With talk of fiscal cliffs, debt ceilings, and unemployment rates lurking around every corner, you may be inclined to think that 2013’s housing market is going to be chock full of doom and gloom. But not so fast! Even though the New Year is still young, we’ve already got 5 reasons to smile about 2013’s housing market:
1. The investors are back
Say what you want about flippers, but they wouldn’t put their money into the housing market if they didn’t think they could get something out of it. Places like Phoenix, Seattle, and Miami are living proof that all-cash buyers really do exist in today’s market – which is reason for plenty of sellers to smile! Even if the first-time homebuyers don’t show up in droves, the investors should be enough to keep things moving in the right direction until the so-called “normal” buyers come around.
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2. Prices are going up – even if they’re doing so slowly
The National Association of Realtors thinks America could see its home prices rise 5% before 2013 comes to a close. That’s a pretty optimistic prediction, though. Generally, most experts are leaning towards a 3% increase. Still, though, considering what home prices have been doing for the past few years, ANY increase is a big deal! In fact, it’s probably a good thing that prices are going up slowly. If they were ballooning out of control (like they did in the mid-2000’s), we could wind up with another problem on our hands. Take it from the tortoise – slow and steady wins the race!
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3. More houses are filling up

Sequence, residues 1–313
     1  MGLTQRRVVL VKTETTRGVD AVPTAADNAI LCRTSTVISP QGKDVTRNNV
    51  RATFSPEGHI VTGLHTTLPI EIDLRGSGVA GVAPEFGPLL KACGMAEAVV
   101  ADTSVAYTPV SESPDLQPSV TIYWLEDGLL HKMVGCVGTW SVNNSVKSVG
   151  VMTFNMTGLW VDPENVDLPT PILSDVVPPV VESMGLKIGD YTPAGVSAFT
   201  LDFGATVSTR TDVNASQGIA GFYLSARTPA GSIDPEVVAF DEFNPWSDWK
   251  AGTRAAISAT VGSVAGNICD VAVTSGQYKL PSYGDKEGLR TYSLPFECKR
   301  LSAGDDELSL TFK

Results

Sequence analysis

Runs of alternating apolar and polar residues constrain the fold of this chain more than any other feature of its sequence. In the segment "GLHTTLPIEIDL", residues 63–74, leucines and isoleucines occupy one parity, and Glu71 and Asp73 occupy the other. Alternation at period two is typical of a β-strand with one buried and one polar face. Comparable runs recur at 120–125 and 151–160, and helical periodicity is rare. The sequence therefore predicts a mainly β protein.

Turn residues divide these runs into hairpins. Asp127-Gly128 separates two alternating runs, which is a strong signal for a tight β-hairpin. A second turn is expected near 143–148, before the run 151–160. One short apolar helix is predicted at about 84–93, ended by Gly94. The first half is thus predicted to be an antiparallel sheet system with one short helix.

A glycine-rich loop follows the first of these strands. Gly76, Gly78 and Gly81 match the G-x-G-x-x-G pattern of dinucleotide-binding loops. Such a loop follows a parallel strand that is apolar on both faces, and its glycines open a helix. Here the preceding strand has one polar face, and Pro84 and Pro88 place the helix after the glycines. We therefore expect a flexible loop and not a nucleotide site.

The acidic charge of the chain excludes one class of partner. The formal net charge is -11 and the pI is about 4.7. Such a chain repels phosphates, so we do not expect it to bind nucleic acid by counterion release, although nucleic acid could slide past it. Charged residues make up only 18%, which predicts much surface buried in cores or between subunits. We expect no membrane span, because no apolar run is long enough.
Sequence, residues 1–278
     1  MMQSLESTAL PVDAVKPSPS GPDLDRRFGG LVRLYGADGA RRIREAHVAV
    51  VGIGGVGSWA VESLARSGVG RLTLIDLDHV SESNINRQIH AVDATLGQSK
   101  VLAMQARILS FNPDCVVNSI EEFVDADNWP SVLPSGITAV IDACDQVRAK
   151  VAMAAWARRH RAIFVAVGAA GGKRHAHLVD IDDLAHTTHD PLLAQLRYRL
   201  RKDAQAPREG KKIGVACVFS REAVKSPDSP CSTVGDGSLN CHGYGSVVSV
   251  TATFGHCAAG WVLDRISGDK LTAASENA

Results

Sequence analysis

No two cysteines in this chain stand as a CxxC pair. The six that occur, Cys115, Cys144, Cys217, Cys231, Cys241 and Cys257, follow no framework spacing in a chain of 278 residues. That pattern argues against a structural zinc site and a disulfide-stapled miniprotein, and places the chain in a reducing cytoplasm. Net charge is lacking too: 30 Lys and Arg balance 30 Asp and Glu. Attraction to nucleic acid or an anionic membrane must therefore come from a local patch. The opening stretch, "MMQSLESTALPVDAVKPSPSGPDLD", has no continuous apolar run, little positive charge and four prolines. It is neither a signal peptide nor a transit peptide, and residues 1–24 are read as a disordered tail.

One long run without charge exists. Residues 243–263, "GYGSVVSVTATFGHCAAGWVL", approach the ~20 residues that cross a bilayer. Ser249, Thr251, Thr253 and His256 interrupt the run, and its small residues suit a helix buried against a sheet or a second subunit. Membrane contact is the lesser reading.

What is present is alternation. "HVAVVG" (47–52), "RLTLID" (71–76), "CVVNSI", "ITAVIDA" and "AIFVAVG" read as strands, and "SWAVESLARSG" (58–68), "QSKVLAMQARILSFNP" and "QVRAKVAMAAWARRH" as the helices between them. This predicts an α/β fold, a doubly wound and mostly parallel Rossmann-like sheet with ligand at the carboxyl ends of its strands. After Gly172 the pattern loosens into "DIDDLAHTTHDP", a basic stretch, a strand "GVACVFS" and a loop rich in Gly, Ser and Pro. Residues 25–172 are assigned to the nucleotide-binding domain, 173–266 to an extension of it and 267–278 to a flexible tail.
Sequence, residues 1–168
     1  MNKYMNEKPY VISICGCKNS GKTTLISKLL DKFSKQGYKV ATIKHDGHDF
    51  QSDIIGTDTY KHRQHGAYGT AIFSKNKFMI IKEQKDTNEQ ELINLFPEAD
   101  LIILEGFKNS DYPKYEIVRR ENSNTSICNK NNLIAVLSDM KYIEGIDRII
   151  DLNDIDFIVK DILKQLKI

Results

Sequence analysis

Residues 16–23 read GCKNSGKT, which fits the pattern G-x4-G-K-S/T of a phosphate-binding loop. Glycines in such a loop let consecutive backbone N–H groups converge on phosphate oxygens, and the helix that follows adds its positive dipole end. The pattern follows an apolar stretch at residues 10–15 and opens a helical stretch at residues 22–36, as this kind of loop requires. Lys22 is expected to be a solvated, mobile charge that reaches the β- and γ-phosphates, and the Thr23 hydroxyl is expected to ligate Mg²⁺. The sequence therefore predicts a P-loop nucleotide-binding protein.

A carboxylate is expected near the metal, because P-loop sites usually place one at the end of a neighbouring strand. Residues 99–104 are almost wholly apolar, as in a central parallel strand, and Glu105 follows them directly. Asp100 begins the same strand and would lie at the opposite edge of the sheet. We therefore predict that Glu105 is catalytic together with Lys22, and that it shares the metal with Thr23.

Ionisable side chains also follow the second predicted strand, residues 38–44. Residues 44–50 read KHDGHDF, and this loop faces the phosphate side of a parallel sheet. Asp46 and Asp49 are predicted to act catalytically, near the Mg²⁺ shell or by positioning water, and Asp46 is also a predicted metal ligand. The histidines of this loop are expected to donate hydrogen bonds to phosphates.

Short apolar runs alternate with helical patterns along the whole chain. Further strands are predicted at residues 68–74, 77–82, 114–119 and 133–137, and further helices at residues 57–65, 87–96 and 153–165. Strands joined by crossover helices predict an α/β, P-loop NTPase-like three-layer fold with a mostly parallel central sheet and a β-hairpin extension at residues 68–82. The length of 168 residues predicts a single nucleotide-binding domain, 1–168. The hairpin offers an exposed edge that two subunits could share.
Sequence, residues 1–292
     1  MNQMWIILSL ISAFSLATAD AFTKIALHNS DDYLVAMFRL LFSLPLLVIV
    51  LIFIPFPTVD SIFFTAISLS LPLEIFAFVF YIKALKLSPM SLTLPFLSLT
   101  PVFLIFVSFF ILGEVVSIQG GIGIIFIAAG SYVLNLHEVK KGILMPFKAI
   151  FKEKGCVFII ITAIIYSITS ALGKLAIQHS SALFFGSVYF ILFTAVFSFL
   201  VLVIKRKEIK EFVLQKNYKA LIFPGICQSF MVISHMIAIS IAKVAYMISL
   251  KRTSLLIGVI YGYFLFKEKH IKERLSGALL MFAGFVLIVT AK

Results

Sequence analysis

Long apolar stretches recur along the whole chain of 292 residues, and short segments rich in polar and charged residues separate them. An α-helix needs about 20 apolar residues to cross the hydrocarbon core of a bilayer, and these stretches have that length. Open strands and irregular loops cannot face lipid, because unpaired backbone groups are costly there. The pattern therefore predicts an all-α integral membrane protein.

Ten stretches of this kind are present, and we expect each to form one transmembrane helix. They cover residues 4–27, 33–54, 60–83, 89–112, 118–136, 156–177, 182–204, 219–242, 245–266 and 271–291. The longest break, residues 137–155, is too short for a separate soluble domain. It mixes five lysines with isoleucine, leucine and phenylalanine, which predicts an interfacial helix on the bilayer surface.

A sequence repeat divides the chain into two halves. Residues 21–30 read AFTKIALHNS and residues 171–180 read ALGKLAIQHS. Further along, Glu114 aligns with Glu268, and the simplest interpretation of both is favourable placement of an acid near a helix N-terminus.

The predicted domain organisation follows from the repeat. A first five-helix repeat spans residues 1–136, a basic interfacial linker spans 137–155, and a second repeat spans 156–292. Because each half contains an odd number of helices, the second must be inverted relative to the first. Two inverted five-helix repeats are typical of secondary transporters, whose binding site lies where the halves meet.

As 2012 came to a close, the nation’s vacancy rate for owned homes sat at 1.9%. During the height of the recession, it was 2.9%. During a healthy economy, the rate is 1.5%, so we still have a ways to go, but we’re headed in the right direction.
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4. There are fewer foreclosures
For years, foreclosures were practically the sun of the housing market solar system. In fact, even as recently as 2012, foreclosures made up nearly 25% of the nation’s home sales! Luckily, the tide is beginning to turn. Fewer homes are currently going through the foreclosure process, which means fewer of them are going to wind up on the market at bare-bottom rates. That means, when you eventually go to sell your home, you won’t have to compete with a home that’s priced way below yours. Plus, you won’t have to worry about a bunch of foreclosures sitting on your street (after all, they’re usually called “distressed” for a reason!).
5. People aren’t over-borrowing
The main reason we’re in this mess in the first place is because people were getting loans they never should have gotten in the first place. Sure, the banks shouldn’t have made it so easy to get money, but people should have known better than to take on debt that they couldn’t handle. Now, it seems like everyone’s being a little more careful. The banks are making it tougher to qualify for loans, and homeowners-to-be aren’t going overboard with their debt. They’re making do with less – be it smaller homes or better bargain-hunting.
When you look at it this way – and look at some of the momentum the housing market gained at the end of 2012 – it’s entirely possible that 2013’s housing market could actually ADD something to the U.S. economy, instead of taking away from it, like it has done for so long!
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